How I Learned To Stop Worrying And Love The Roku 2

How I Learned To Stop Worrying And Love The Roku 2

So it’s been exactly 3 months since I finally snagged a Roku 2 XD box. For the uninitiated into the wonders of “set-top boxes” – Roku is one of the numerous offerings on tap for folks who want to be able to stream Netflix, Hulu or various other online media to their TV. I’m a bit late to the game since Roku has been out for a few years already along with Boxee and the like, but the second generation of Roku boxes came out in July ’11 and I snagged mine in August.

As a hardcore movie fanatic (I love them as entertainment and as an art form), I finally discovered the joys of Netflix last Christmas when my brother gave me a 6-month subscription. Stuck with the original 1-DVD-out/unlimited streaming plan (prior to the Qwikster change-over) for a while because my old desktop machine couldn’t handle streaming properly. The one thing that does suck about streaming Netflix to the computer is that you have to have a computer with some decent muscle for it to work.

I finally got a new laptop and was able to get my money’s worth from Netflix (my laptop comes with an HDMI output so I hooked it up to the TV quite a bit) for quite some time until I hit yet another roadblock. For whatever reason, my laptop decided it didn’t like streaming Netflix anymore – resulting in invariably shutting down due to overheating. Not a good thing, of course, so what’s a geek to do? Which brings me to the point where the Roku and I met up.

The great:

– The thing is ridiculously tiny. It literally fits in the palm of my hand.

– Very minimal power consumption, especially when compared to a DVR, which I was horrified to learn actually uses as much power as a REFRIGERATOR. It doesn’t even have a power switch. If you leave it idle (even if you pause a movie) for a little while, it automatically goes into a low power mode and puts up a screensaver. As it is, the 360 and my laptop both dump a ton of heat out so one less device spewing heat like Mount Etna on a bad day is a good thing.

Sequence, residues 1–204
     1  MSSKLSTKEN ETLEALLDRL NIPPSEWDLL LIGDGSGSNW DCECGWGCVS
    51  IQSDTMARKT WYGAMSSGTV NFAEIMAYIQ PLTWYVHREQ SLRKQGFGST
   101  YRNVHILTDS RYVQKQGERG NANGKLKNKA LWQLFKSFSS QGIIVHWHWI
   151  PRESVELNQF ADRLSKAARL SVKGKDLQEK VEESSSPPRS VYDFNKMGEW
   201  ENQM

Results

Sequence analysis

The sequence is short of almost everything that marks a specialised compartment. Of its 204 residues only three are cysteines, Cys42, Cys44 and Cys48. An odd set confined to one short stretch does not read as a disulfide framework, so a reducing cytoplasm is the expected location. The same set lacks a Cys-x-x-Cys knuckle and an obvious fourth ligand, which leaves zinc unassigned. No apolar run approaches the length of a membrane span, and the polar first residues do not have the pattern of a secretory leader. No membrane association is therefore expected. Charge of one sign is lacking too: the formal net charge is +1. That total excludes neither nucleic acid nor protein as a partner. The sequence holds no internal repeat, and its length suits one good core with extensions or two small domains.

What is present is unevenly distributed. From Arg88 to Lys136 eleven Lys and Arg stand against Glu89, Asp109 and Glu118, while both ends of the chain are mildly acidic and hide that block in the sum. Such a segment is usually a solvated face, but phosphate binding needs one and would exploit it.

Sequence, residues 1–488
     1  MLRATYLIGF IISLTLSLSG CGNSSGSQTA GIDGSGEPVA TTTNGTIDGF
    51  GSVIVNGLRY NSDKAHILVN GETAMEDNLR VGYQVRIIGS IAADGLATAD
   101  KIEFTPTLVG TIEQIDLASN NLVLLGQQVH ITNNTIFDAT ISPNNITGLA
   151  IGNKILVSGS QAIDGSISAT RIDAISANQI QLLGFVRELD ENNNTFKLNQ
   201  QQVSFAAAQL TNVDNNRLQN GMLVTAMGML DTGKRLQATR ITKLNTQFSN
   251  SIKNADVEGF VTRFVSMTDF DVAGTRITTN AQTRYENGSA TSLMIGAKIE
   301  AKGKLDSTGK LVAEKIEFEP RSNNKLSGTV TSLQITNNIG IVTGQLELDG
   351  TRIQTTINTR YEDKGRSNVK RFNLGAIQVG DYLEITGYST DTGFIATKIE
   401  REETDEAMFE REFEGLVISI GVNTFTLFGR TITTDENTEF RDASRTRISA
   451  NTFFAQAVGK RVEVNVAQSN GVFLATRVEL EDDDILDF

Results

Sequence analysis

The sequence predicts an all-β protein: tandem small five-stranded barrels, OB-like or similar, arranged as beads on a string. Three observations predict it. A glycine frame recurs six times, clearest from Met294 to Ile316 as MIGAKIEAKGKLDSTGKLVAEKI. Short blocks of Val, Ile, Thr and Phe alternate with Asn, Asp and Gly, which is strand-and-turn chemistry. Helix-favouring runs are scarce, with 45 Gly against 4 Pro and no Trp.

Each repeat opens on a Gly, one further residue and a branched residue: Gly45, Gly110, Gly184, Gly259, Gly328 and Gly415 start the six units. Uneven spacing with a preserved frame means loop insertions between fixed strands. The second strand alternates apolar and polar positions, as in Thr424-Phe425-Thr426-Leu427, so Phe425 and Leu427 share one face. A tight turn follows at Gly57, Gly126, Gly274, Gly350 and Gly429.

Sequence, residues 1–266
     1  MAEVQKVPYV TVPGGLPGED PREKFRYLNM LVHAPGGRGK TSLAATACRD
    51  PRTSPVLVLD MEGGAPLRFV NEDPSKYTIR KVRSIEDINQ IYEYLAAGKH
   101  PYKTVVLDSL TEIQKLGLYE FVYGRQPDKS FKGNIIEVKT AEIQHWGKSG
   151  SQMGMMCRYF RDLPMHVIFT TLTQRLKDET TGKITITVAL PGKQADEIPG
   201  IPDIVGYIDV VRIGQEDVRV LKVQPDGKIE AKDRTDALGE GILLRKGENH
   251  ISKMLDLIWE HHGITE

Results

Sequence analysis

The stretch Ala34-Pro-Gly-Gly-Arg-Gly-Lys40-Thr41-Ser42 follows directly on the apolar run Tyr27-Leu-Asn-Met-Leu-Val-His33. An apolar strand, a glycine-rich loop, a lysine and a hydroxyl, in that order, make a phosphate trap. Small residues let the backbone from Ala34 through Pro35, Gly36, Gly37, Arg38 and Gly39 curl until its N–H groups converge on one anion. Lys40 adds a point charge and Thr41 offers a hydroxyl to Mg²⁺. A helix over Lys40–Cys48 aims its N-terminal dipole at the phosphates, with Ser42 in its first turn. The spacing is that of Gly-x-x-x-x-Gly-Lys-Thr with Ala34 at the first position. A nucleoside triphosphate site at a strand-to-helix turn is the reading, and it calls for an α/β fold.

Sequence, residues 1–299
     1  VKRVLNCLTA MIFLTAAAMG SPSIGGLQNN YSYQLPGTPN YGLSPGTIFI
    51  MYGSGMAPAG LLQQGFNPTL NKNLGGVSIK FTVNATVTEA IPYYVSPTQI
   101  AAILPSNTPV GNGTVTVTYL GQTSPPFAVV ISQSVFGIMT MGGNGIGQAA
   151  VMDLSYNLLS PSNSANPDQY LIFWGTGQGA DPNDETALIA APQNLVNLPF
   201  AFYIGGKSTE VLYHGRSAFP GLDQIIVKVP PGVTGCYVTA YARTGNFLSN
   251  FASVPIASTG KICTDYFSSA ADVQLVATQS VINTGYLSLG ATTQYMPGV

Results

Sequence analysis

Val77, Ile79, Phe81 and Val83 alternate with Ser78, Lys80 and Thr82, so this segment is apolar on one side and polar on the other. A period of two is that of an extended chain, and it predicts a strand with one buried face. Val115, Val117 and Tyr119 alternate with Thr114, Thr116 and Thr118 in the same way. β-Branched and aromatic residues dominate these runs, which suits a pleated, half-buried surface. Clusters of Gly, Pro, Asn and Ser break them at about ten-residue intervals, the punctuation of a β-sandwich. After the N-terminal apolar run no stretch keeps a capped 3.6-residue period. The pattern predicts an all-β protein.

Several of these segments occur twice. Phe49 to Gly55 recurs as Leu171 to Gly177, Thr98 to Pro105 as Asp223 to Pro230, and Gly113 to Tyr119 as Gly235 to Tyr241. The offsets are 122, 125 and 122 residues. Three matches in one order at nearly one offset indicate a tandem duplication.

– It’s wireless only (which could be problematic if you’re still a slave to Ethernet cables). I love that because the wireless router is on the other side of the house from my bedroom so I’m not running at least 3 cables. As it is, there’s an entire Medusa head of cables running to and from every electronic device on my desk including about 5 cables for the speakers alone. Kill me now.

-Setting up for Netflix is a snap. You just activate the device (takes maybe 2 minutes) and you’re ready to rock. No extra charges on top besides the initial one-off outlay for the Roku itself and your usual Netflix monthly rate.

The bad:

I was pretty irked for about a month or so where I couldn’t use the Roku because subtitles were inexplicably broken on everything I tried to watch (the joys of being a movie geek with gimped hearing) and there seemed to be some confusion as to whether Roku or Netflix was at fault, according to the buzz on the Internet. There are some quirky display issues (the Instant Queue in particular seems to be a little weird about refreshing sometimes) here and there but it’s been surprisingly solid aside from the subtitle issue.

Everything’s been working great again ever since and Netflix continues to add more stuff to their growing catalog of subtitled releases so I’ve got a stupid amount of stuff in my queue as of this moment. Netflix’s diversity is absolutely the biggest selling point for me – I’ve watched so much stuff I had absolutely no idea existed or wanted to watch for years but could never find a copy anywhere. Definitely a streaming gadget I recommend.